By Radu Marinas
BUCHAREST, Jan 29 (Reuters) - Romania has started talks with the European Commission on a potential rescue loan to shore up its budget as it struggles to prevent a financing crisis due to lax fiscal policies and a sharp economic slowdown.
Many economists warn the new EU member state may be the next in line to seek financial aid, following several of its eastern European peers, as the global crisis cuts off sources of cash.
An EU delegation arrived in Bucharest this week, parallel to a regular mission from the International Monetary Fund, and talks on EU aid were likely after Romanian President Traian Basescu said this week a 6-7 billion euro loan may be needed.
"A mission of experts from the Commission is in Bucharest. They will discuss macroeconomic stability and probably they will talk about the possibility of giving Romania financial support," Nicolae Idu, head of the EU delegation in Bucharest, told Reuters.
"President Basescu ... has discussed (with the EU Commission) the possibility of getting European financial aid worth 6-7 billion euros. This discussion is now initiated."
Diplomats say Brussels may insist any EU loan is part of a joint plan together with the IMF, because of concerns over Romania's ability to tighten budget strings and clean up its loose fiscal policy.
But Bucharest's new centre-left coalition government, in power since November's parliamentary election, has so far been reluctant to seek help from the IMF, with Basescu saying this week he might oppose it, likely because of concerns over any stringent conditions imposed by the Fund.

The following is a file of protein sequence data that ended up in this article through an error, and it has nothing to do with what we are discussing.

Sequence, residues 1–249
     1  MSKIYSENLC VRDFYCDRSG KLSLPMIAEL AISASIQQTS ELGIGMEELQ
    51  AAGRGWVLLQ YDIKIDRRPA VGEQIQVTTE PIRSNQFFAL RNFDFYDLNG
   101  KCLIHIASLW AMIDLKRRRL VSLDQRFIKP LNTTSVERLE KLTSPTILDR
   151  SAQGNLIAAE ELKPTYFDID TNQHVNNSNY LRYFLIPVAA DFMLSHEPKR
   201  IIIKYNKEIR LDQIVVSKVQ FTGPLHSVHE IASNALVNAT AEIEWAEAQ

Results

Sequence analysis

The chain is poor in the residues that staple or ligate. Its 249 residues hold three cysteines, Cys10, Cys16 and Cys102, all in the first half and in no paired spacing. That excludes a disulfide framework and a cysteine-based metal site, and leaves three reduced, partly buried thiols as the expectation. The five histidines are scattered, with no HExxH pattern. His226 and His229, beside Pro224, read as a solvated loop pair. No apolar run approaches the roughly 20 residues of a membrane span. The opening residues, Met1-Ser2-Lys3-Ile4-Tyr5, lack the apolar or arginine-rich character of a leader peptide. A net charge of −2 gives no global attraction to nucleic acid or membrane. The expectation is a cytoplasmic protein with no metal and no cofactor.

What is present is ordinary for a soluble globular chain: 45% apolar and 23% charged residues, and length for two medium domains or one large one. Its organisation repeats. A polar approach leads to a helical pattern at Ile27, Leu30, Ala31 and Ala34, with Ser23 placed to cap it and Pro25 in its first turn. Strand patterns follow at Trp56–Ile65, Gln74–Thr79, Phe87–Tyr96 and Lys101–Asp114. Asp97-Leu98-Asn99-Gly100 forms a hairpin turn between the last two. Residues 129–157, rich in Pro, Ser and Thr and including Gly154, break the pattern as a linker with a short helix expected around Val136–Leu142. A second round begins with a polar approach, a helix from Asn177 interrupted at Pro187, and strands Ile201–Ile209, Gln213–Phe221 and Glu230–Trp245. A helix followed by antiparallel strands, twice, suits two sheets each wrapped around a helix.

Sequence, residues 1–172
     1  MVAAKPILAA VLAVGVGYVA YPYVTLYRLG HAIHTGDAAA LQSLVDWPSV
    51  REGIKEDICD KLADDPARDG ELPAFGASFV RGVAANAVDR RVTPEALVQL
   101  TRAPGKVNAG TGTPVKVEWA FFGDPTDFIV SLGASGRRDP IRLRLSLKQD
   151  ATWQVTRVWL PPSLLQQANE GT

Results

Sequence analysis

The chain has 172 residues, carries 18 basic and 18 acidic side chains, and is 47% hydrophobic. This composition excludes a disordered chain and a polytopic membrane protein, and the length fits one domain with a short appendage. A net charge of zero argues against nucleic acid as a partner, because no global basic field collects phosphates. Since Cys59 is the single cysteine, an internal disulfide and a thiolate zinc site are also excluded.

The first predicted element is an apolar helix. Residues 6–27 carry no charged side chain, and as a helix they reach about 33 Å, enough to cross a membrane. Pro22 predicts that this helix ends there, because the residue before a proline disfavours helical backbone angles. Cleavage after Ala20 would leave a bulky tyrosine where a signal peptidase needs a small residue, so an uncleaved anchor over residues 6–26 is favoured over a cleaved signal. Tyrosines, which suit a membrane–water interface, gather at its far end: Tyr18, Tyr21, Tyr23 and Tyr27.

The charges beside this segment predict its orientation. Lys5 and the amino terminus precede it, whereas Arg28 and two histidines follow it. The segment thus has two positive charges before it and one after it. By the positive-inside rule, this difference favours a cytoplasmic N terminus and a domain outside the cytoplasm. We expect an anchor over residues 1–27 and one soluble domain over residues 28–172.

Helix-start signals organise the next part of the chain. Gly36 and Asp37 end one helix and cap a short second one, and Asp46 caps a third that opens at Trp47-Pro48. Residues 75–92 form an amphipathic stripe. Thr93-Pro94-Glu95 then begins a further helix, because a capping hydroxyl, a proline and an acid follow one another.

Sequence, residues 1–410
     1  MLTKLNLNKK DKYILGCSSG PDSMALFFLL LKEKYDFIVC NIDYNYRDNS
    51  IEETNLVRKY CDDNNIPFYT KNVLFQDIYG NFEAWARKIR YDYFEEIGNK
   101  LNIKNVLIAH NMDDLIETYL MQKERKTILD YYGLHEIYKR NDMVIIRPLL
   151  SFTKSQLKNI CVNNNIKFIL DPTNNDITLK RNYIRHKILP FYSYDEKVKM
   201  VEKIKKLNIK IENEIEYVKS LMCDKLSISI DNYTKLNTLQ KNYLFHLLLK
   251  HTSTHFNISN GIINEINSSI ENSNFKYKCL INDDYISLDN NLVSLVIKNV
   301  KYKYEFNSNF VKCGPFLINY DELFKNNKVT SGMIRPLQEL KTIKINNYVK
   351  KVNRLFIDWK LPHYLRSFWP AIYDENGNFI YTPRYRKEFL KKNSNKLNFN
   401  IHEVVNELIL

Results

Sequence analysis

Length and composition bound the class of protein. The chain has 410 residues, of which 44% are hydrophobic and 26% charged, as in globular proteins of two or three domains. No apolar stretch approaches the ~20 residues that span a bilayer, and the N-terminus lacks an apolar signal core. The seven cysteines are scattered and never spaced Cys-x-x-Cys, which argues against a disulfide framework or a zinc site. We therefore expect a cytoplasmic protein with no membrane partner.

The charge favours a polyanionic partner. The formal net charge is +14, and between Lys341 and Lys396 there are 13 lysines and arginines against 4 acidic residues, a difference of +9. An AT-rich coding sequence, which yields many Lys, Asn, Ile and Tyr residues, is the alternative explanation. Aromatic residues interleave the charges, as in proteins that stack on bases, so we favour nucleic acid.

The IMF has said a rescue package is not on the agenda of its mission this week.
The government faces a dilemma this year because loose fiscal policy may spook financial markets and trigger a financing crisis but the economy could slide into recession without additional cash.
Diplomats also warn about social discontent likely to be triggered by budget cutbacks as unemployment is on the rise with production cutbacks and extensive layoffs.
There have been no mass protests in Romania so far, in contrast to its southern neighbour Bulgaria where riots broke out earlier this month as fears of economic pain and anger over poor policy-making reached boiling point.
But powerful trade unions are already threatening to go on strike in Romania, and wage freezes and spending cuts similar to those in Hungary and Latvia, which have received EU-IMF rescue packages, could spark protests. (Reporting by Radu Marinas; Writing by Justyna Pawlak; editing by Stephen Nisbet)